What About Me In Pregnancy/Birth #2
Telling Birth Stories is always a bit difficult. In part #1 of this series of ‘What about me in my pregnancy/birth?’, we learned that the very best question to ask when labour was not progressing but there are irritating contractions is ‘What do you want to do now?’
Birthing Better families also learned that most birth stories were composed of three elements when there should be four. This fourth element was so important yet no one even seems to be aware that there’s a fourth element! How could that be? How could an element that is so important be missing from almost all Birth Stories? What we don’t know we often don’t know we don’t know.
Here are the present 3 elements that most women talk about in their Birth Stories
- Temporal … ‘My labour started at 3 pm. My water broke at 8:30. I started to push at 6:00 am. My baby was born at 9:07 am’.
- What they did to me … ‘I was told to push and didn’t feel like it.’ Or ‘I wish someone had told me how to push, I didn’t know how’. Or ‘My midwife/doctor was at another birth.’ Or ‘I couldn’t have done it without my doctor/midwife.’
- What I felt … ‘I had such a bad backache’. Or ‘I pushed for hours’. Or ‘My birth was so fast.’
Very, very rarely will you hear a woman talk about the skills she used? Almost never do you hear a father talk about the skills used to help the birthing woman cope and manage her birth experience? When you do hear a woman talk about skills you often just hear women say: ‘I just relaxed’ Or ‘I just breathed’. How does that translate to you? Can you replicate these skills for your birth? Do you feel ‘relaxing’ or ‘breathing’ in someone else’s birth could not help in your birth?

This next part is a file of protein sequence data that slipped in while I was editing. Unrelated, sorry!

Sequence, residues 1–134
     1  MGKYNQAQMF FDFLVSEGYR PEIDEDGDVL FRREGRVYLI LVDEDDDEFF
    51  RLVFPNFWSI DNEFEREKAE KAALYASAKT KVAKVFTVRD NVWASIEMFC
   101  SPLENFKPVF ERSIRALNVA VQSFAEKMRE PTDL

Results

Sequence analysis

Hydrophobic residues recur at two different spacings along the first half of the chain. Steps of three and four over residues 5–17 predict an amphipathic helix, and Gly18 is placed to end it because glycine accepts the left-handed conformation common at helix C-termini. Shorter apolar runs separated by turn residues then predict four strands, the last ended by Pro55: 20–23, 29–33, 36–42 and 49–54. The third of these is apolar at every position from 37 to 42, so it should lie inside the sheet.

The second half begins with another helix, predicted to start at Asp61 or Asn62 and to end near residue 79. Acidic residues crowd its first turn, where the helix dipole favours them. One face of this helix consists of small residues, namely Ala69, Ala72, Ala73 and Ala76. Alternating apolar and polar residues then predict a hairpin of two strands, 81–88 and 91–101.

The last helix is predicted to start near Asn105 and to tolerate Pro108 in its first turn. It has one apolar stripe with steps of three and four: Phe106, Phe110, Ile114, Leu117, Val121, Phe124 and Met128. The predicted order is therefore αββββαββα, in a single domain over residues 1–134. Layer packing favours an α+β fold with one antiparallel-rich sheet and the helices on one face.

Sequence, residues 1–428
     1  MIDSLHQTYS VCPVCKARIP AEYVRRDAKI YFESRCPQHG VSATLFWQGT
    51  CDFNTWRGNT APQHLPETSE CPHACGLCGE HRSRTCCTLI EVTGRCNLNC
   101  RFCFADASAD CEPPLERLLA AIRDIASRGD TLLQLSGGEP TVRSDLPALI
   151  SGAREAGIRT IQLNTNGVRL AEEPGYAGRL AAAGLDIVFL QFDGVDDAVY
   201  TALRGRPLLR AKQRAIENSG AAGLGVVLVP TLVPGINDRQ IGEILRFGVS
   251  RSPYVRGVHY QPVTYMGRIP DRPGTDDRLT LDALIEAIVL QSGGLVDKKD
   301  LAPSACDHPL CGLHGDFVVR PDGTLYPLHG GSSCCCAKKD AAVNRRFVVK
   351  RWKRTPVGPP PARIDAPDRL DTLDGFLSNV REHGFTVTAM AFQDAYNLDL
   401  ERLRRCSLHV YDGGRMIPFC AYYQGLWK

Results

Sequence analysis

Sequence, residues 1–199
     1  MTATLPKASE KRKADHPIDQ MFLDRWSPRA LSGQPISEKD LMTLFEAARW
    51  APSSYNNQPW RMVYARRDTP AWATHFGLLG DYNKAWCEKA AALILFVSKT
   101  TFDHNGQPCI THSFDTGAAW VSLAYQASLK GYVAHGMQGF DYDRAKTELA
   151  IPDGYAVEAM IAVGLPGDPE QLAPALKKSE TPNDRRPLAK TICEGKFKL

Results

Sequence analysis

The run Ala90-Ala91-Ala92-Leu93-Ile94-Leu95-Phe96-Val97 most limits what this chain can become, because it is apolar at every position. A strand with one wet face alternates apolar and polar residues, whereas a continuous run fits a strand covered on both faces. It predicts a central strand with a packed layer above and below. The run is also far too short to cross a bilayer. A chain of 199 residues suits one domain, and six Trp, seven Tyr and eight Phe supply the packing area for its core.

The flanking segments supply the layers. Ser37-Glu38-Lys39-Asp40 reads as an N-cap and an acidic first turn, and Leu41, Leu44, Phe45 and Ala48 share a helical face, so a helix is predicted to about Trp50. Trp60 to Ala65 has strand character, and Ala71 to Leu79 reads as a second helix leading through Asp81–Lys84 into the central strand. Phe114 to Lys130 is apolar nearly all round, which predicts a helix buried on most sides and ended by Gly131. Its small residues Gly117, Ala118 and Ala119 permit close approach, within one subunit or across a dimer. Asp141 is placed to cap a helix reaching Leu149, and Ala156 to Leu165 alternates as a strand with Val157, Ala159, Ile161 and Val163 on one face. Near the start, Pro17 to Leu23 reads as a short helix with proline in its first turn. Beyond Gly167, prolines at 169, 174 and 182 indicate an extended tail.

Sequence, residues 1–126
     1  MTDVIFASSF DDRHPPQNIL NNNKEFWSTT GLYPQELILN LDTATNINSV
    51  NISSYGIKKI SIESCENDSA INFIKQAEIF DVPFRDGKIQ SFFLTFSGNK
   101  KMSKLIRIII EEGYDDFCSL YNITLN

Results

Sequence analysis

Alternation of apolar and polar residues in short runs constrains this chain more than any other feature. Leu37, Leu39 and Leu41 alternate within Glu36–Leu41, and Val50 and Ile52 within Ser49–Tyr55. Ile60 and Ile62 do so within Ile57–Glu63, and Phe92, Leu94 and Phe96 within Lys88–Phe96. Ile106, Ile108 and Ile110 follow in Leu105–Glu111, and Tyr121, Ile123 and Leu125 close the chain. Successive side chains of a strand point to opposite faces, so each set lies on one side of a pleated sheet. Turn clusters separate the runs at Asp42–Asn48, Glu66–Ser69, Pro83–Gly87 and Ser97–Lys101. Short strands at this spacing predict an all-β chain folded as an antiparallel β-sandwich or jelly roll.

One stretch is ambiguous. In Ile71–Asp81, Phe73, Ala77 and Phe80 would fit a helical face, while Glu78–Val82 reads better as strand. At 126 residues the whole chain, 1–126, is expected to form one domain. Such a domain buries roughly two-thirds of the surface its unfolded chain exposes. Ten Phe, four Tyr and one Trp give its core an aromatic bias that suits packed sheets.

Sadly that’s not enough information about how to birth. And the first three points aren’t always something we can control. So, if you want to feel in control of your birth … then have your own set of birth and birth-coaching skills. This really is a vitally important and missing element of childbirth preparation.
So ‘What about …. ‘ this next birth story? It’s important for all of you to really understand that The Pink Kit skills (now known as Birthing Better online birth courses) were developed by hundreds of ordinary mothers and fathers just like you! If you’re pregnant you have a 100% chance of giving birth. The only constant is what you can do for yourself … your behaviour and how you act as your birth unfolds.
Birth may be unknowable and can’t be practiced but it does unfold and you can control how you breathe in and how you breathe out. If you don’t think that’s important then you are not acknowledging the term most associated with childbirth … ‘labour’. If you ‘labour’ it’s bloody hard work! And if you don’t think your breathing changes when you do hard work, then you need to go out and do some and remind yourself that hard labour changes how you behave. Now add PAIN! You absolutely must learn great birth and birth-coaching breathing skills if nothing else. We have two great lessons: Directed Breathing and Sustainable, Usable and Adaptable Breathing.
Learning how to use your breath well in labour is just one of your Pink Kit skills. For all of you who will have a cesarean delivery … don’t be passive like at a dentist’s office … enjoy giving birth … use your Pink Kit skills. Birth is birth no matter how yours unfolds. You are having a baby not a type of birth. There is a huge amount of time for you to use great breathing skills on the way to the hospital, while being prepped and during surgery, if you’re having an elective Caesarean section. You deserve and are entitled to feeling empowered by the experience. Empowerment comes from what we do for ourselves … knowing we’ve accomplished a participatory task … job well done.